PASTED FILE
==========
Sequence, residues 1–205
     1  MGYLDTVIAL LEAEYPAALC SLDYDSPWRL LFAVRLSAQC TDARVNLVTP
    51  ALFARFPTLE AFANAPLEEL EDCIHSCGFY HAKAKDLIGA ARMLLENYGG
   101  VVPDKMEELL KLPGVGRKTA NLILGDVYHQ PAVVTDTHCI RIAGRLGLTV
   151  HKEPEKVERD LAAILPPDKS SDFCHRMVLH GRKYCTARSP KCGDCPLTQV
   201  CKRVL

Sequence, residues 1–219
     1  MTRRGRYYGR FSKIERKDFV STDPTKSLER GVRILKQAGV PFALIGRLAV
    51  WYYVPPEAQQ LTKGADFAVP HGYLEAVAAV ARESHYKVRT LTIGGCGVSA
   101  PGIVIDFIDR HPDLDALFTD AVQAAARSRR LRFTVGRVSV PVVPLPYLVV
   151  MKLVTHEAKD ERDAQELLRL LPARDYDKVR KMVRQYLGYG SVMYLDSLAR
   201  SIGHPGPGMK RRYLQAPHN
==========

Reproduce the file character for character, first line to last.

Sequence, residues 1–205
     1  MGYLDTVIAL LEAEYPAALC SLDYDSPWRL LFAVRLSAQC TDARVNLVTP
    51  ALFARFPTLE AFANAPLEEL EDCIHSCGFY HAKAKDLIGA ARMLLENYGG
   101  VVPDKMEELL KLPGVGRKTA NLILGDVYHQ PAVVTDTHCI RIAGRLGLTV
   151  HKEPEKVERD LAAILPPDKS SDFCHRMVLH GRKYCTARSP KCGDCPLTQV
   201  CKRVL

Sequence, residues 1–219
     1  MTRRGRYYGR FSKIERKDFV STDPTKSLER GVRILKQAGV PFALIGRLAV
    51  WYYVPPEAQQ LTKGADFAVP HGYLEAVAAV ARESHYKVRT LTIGGCGVSA
   101  PGIVIDFIDR HPDLDALFTD AVQAAARSRR LRFTVGRVSV PVVPLPYLVV
   151  MKLVTHEAKD ERDAQELLRL LPARDYDKVR KMVRQYLGYG SVMYLDSLAR
   201  SIGHPGPGMK RRYLQAPHN